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Around Hawaii

I ‘m gonna quit Facebook for a while. So much stuff shows up that is very distracting. I’m not disciplined enough to ignore it all.

Posting on a blog requires more time and thought…maybe what I need to slow the stream of social media.

I will still post to Instagram…I’m @robin.scanlon.

So I’m gonna post the stuff I’d normally post on Facebook…like tonight’s dinner.

We get amazing fresh fish at our local grocery store, KTA. This afternoon we picked up two ono (wahoo) filets. I baked them with olive oil, salt/pepper, and lemon slices at 350 degrees for ten minutes. Ono overlooks really easily so watch it.

Topped with a gremolata – lemon zest, garlic, and parsley, a side of basmati rice and steamed spinach it was perfect. Healthy and yummy!

Believe it or not, a lot of progress has been made in the last week. The construction tent is gone and we can use our garage. The wall in front of the house is complete and the work table is gone. Now we have a blank canvas to work with.

The Meyer lemon buds are blossoming and smell divine! Fern shoots in different stages are unfolding. During the week, I was in Maui so I missed the first magnolia bloom, BUT this one:

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These are the two views of the front…they don’t look much different than they did last week.

The changes were small and subtle: Magnolia buds, small green oranges, a FIG!!, and the Meyer lemon blossoms have grown.

We had to clear a lot of the forest to build our home. Now that our house is complete, we plan to plant a garden to fill the area and make it healthy again. Here are two views of the area in front of our house.

IMG_3474IMG_3469Pretty barren except for the citrus trees Kris planted a few weeks ago. There’s a navel orange, Meyer lemon, yuzu,, and makrut (better known as kaffir lime). The yuzu came with fruit and I’ve harvested about a dozen. It’s the most fragrant citrus and I don’t think there is a substitute for it. Here is the last of the fruit that was on the tree…you can see new growth and we’re hoping it will be a healthy, happy tree.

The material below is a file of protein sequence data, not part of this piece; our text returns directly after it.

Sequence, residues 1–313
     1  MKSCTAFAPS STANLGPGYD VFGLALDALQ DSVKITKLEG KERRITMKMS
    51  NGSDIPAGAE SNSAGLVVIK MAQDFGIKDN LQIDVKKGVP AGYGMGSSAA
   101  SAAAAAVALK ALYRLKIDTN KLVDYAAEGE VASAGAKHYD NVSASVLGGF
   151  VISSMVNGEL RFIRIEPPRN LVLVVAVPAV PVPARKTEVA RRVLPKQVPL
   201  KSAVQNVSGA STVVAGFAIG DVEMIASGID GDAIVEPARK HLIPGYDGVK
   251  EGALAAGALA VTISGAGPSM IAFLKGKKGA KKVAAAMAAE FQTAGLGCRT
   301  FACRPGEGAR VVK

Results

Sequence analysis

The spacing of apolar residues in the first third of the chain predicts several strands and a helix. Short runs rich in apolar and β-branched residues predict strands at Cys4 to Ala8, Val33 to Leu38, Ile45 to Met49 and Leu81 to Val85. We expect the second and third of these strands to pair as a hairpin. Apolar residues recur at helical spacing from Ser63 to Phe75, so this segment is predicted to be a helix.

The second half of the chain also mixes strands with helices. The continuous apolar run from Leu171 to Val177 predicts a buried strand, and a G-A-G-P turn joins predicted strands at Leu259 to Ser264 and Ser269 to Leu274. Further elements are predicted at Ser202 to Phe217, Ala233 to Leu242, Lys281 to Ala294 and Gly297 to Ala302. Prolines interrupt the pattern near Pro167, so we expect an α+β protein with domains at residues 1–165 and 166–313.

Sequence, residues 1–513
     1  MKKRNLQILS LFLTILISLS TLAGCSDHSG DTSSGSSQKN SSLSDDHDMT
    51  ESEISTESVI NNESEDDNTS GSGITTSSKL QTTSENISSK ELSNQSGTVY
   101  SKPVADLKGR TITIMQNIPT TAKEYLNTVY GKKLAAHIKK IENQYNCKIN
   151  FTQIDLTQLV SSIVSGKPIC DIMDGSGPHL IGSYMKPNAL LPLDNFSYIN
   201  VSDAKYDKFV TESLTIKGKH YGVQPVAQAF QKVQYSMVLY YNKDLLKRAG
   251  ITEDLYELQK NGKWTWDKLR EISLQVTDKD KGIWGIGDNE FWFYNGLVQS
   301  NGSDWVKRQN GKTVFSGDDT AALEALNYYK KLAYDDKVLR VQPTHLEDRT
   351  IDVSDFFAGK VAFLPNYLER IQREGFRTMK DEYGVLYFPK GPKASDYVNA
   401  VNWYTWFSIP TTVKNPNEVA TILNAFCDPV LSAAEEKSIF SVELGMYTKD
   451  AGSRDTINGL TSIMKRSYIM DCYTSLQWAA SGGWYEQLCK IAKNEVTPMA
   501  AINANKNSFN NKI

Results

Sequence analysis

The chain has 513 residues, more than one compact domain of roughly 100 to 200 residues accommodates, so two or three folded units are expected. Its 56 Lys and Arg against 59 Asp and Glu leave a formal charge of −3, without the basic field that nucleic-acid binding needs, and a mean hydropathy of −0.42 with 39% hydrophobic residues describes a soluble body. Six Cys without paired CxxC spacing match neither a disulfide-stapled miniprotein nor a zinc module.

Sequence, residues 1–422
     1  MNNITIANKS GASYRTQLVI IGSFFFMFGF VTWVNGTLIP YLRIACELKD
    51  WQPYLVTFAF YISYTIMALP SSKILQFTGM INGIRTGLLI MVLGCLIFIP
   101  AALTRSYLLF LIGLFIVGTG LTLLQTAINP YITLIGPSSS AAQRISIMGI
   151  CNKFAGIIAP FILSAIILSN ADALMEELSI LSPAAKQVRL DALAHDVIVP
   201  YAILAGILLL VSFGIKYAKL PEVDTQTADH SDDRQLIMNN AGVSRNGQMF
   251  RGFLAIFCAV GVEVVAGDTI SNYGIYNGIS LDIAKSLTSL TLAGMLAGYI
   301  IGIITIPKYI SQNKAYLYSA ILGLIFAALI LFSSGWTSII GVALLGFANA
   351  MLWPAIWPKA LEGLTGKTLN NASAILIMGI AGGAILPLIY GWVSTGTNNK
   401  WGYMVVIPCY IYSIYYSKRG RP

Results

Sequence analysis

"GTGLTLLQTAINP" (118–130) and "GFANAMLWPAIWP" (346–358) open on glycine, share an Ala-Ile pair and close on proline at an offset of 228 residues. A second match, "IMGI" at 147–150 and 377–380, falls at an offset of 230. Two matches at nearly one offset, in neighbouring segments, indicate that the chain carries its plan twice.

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The Meyer lemon has tiny buds and I can’t wait for juicy fruit. Meyer lemons are the best.

IMG_3476I just love finding subtle and not so subtle changes. Plants offer that endlessly. Here is the beginning of a fern frond. It will unfurl and become a huge feathery leaf. And this hau tree poked its branches out of the forest and started blooming…its blossoms are brilliant yellow.

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And this lichen…so beautiful.

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It’s been so long since I posted to my blog that I wasn’t sure if my account was still active. It is. Thank you, WordPress.com!

It’s been so distressful to watch the news on Facebook. I thought I’d try a return to actually writing stuff instead of 140 character or less posts on Twitter and Facebook. I do love Instagram…just photos, no text. 

We moved up to Volcano full time and love being on the Big Island. Murphy has adapted to the rain and will actually go out in it to do his business. Maddy loves running in the rain and all over our lot. It’s been a challenge living and working in our 900 square foot cottage with most of our stuff in storage. The back bedroom that is designated my office is so cold and damp that we can’t really work back there. It’s so humid that we can’t store envelopes there. Kris’ temporary file cabinet (the cardboard kind) has collapsed from the humidity.